Using Computer-Based Laboratories to Teach Graphing and the Derivative at the College Level
Lisa Denise Murphy
Welcome to the home page for my dissertation study. This site will provide information about my study as it progresses. The first thing to check out is the report on the pilot study. I wrote this report in preparation for my oral preliminary exam, which I passed in August of 1999. In consultation with my committee, I have changed a few of the plans for my main study from what they were in the prelim paper, but the major stuff is still the same.
My dissertation is a comparison of two ways of using technology to introduce the derivative in a first-semester calculus course. One of the instructional methods in my study uses a computer and an ultrasonic motion detector, produced by Vernier Software. As the student walks back and forth in front of the detector, the computer displays a graph of the student's motion. Motion detectors have been used successfully to teach graphing concepts to students from middle school through college. I am using the motion detector to help the students see how the speed of the motion is represented by the slope of the distance graph and the height of the velocity graph. Once this conceptual link between the slope of one graph and the magnitude of another is established, it forms a foundation for understanding the derivative.
The other instructional method is similar, but uses a Java applet I wrote to simulate the motion detector. One of the advantages of this applet is that it can be used by anyone with a computer and internet access, without any need for special equipment such as a motion sensor. It remains to be seen whether the students will develop the same understanding of the concept without the physical motion involved in using the motion sensor.
You can check out the Java applet, but be warned that Java appears to be a bit buggy. The applet will run on some browsers but not others. So far, I have been able to get it to work only on newer PC browsers and on Internet Explorer for the Mac. It hates old browsers and Netscape on Macs. The portal page tells you how to get around the quirks and then takes you to the applet itself. If you can get it started, it is pretty cool.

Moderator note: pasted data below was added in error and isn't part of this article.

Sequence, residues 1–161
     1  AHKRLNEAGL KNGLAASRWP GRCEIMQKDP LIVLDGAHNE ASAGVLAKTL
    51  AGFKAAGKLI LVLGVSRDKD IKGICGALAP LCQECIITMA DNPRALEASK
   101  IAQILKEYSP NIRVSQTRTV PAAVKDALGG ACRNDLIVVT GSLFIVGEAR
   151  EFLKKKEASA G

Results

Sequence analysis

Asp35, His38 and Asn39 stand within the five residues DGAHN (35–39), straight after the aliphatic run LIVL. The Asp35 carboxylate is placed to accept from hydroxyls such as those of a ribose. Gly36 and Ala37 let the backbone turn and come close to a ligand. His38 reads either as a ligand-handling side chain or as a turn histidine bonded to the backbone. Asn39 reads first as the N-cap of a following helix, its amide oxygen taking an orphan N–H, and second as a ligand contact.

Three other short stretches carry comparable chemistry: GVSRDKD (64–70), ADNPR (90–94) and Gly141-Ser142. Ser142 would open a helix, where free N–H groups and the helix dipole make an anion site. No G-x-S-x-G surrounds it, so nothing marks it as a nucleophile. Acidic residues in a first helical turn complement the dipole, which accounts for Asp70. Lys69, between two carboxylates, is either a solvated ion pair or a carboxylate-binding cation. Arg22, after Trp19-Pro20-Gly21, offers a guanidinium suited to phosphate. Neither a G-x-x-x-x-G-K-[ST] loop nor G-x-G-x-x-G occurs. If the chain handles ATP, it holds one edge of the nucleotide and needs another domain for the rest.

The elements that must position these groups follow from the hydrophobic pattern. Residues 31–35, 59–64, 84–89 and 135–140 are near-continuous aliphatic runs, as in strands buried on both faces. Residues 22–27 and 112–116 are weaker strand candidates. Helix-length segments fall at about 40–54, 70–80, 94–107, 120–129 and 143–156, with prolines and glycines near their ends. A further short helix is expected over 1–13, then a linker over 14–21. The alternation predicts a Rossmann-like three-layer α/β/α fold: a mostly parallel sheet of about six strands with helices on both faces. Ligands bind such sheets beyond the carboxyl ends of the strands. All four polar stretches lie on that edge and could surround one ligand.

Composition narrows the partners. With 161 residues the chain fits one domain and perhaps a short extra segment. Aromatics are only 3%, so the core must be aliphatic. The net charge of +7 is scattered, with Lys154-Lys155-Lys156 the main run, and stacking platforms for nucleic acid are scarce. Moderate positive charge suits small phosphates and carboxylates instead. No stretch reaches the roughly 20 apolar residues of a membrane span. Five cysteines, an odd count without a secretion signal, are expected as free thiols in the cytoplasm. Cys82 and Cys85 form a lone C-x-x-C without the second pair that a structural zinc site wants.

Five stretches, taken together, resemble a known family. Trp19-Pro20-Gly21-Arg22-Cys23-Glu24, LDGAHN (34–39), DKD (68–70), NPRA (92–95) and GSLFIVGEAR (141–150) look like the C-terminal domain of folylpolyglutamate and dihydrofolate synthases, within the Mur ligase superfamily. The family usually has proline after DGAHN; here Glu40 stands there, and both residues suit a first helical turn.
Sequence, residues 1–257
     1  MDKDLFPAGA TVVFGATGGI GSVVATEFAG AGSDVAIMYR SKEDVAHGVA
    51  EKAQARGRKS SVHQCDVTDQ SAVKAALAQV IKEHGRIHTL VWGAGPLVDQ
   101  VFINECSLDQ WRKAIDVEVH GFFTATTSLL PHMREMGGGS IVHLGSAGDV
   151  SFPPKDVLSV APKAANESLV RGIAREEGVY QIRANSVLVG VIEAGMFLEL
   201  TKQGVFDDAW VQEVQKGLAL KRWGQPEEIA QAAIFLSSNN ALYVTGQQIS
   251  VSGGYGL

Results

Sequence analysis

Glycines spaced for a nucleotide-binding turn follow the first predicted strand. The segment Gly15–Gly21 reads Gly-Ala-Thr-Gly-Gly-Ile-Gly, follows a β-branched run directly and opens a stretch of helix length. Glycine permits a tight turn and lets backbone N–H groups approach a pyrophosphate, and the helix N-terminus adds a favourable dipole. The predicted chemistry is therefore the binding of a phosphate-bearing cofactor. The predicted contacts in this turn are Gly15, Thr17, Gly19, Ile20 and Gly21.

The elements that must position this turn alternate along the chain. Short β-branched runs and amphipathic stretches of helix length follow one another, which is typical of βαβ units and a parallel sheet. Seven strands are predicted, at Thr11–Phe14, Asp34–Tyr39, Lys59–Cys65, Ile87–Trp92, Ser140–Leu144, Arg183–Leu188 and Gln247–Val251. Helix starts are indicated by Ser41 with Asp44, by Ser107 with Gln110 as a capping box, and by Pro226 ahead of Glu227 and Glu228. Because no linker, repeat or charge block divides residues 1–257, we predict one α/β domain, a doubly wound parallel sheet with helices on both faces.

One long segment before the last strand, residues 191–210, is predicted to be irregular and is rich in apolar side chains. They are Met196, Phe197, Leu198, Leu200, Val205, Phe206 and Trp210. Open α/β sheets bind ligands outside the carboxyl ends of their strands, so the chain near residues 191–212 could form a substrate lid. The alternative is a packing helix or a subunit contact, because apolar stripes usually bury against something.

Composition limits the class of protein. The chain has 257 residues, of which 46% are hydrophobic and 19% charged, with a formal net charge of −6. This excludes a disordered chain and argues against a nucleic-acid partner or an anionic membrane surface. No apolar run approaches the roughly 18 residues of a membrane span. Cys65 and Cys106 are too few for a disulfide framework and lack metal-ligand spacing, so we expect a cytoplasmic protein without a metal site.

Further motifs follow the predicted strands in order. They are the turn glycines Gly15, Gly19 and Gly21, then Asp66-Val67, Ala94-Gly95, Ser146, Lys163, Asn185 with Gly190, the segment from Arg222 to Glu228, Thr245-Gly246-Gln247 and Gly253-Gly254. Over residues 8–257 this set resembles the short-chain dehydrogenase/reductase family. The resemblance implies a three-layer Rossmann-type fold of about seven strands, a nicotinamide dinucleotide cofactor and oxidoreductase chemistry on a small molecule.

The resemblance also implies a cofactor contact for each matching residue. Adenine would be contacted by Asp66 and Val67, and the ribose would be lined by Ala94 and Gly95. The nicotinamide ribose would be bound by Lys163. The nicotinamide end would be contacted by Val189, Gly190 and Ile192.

In September of 1999, 47 first-semester calculus students participated in my study by taking the pre-test. Thirty-two of these came to the first instructional session, and thirty also attended the second session, which included the post-test. The students who took the post-test were evenly divided; 15 had received one form of instruction and the other 15 had received the other form. I would like to say I planned it that way, but partly it was luck; I didn't know which of the original 47 would fail to appear for the instruction. (Had I been alert, I would have paid the 17 who skipped the instruction to take the post-test, so that I could compare their results to those of the subjects who received the instruction, but I missed my chance there.)
In late January and early February of 2000, I will be repeating this process with a new class of first-semester calculus students. This time I will interview some of them, and if there is a substantial group of students who participate only as far as the pre-test I may try to bribe them to take the post-test. I am giving the subjects the address of a web page designed to answer their questions about the study.
In the end I hope to be able to make and defend some conclusions about the relative effectiveness of the two forms of instruction. From the results so far, it appears that there is little or no difference in performance due to form of instruction. Thant's nifty, because the Java applet is quite a bit cheaper and more convenient than the motion sensors. If it is equally effective then it should turn out to be very useful. [I want to emphasize that I am working with university undergraduates. I would expect to find more of a difference between the two forms of technology if I were working with children.]
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This page last revised January 19, 2000.